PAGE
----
CAROLINE: “Cancer was not something I had dealt with in my immediate family, but growing up my mom’s best friend battled it. She’s beaten breast cancer twice, & just growing up with her daughter being one of my best friends as well, [my family] was always doing stuff like taking food to the hospital for them, being the support system behind helping another family deal with that. My roommate’s mom has beaten breast cancer since we’ve been in college. Also since I got to college I joined Tri Delta, & our philanthropy is St. Jude Children’s Research Hospital. So for me, CSP led to this soft spot in my heart for working with people who have or have had cancer; working with others on certain cancer initiatives; doing things like meeting pediatric cancer patients with St. Jude, & seeing & being able to work with families that have been affected. So I have been more affected by cancer now than ever before. I was just at St. Jude’s in Memphis this weekend, volunteering & doing a private tour, getting to see where the money we have been raising has been going, & meeting with some of the patients there.”

CHARLES: “As far as the Park, I definitely think it was a new concept for me: just thinking about continuing a legacy, & the people left to do that being survivors as well. It had drawn me to fundraising for CSP since I have been personally impacted. I think it’s such an incredible way to go about thinking about cancer — either way, if you defeat it or you don’t win, the people who you love will go on to be your survivors. It’s a really nice sentiment to have a park that represents that, & embodies this mindset you would want anyone battling cancer to have, because it’s an awful thing. It’s nice to have an environment & a place to go that embodies this idea that, ‘You are fighting, you are doing your best, you are not alone, & there are people here to support you.’ There are so many people that go through the ordeal, & it’s nice to have the Park as a physical place — but also conceptually this mindset that survivors are not just those who have fought the disease & won. It’s also about the others who are carrying on the legacy of those lost.”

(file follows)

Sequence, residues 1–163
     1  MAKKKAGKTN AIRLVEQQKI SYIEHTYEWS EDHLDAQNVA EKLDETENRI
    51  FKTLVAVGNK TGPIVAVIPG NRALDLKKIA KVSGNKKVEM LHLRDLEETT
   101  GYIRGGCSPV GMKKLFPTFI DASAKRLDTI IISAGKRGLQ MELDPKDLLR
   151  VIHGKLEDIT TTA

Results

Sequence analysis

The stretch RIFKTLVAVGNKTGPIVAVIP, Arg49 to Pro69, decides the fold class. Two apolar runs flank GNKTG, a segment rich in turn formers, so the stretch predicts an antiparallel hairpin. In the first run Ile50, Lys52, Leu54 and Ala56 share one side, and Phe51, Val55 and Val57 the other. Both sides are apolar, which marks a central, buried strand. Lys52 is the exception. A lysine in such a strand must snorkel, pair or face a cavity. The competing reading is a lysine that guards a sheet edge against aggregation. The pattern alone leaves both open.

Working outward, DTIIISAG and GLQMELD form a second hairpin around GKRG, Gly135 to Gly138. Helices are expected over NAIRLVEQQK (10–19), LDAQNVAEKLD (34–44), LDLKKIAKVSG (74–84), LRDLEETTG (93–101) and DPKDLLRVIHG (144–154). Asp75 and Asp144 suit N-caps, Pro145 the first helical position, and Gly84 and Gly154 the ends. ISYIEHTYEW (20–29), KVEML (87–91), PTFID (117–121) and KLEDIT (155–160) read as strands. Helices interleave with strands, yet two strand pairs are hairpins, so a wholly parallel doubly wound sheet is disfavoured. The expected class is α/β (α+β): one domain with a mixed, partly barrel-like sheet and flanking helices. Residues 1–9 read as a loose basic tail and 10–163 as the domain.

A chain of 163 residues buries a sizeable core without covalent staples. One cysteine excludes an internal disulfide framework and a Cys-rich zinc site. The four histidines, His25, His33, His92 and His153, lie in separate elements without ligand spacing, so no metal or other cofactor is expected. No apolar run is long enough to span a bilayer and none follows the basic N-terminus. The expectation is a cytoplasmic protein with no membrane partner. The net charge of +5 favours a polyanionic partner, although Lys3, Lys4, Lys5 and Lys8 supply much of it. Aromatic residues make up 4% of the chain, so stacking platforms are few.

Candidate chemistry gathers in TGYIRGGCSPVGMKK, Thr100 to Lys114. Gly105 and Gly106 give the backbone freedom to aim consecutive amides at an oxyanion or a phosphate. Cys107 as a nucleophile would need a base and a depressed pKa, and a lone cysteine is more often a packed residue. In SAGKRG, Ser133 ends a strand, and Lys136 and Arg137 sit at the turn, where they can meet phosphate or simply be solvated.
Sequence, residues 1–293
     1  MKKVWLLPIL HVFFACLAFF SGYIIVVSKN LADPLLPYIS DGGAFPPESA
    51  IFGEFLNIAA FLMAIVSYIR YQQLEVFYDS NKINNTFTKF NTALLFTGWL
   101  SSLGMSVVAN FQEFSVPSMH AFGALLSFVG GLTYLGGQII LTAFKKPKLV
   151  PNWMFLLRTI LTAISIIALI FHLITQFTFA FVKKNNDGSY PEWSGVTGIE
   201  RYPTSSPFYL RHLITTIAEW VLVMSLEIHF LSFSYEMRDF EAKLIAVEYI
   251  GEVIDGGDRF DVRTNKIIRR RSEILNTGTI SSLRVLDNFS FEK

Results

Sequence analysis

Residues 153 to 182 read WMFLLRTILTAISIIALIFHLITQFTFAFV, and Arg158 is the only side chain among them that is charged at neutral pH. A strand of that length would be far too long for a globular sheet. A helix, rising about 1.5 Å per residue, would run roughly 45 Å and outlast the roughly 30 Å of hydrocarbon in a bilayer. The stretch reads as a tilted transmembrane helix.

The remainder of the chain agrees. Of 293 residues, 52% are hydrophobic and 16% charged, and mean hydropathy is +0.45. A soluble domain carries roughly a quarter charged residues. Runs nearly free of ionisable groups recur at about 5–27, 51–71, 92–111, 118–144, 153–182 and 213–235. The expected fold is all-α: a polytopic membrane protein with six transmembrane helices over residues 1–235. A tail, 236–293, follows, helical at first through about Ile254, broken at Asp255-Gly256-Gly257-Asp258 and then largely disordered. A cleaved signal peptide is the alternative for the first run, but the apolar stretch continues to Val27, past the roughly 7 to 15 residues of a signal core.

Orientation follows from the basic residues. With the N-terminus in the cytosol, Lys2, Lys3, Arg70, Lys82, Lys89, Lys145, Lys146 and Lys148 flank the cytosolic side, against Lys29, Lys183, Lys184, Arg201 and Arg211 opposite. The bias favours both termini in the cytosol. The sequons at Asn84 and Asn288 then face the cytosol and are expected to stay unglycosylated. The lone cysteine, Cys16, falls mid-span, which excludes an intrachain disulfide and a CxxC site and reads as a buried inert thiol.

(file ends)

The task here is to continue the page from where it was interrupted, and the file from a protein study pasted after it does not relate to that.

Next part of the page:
CAROLINE: “Yes. Charlie has said a lot. It’s really the same thing for me. I can think of the times growing up around Jenny (my mom’s best friend) & having those times with her daughter, Kristin. Being young, not really knowing what’s really going on — but we’d see family members reaching out, ambulances coming to the house…I think about if we had had a place to go back then. Having a place like CSP where my mom could drop us off, & we could walk around, look at things, take it all in. I think about being a child, & just having a place to be able to breathe & try to understand; a tranquil place when other places could be not-so-peaceful, with a lot of adults all around you, acting as your parents while your parents were dealing with such a difficult thing. It would’ve done wonders, & to have that in Greenville now — when I tell people I meet through St. Jude about the Park, they are like, ‘Oh my gosh, we have to go! We have to visit!’ It’s relieving for people to know that there’s a place like that to go & relax, rewind, be with nature — a place to find some peace & time to let it all settle in.”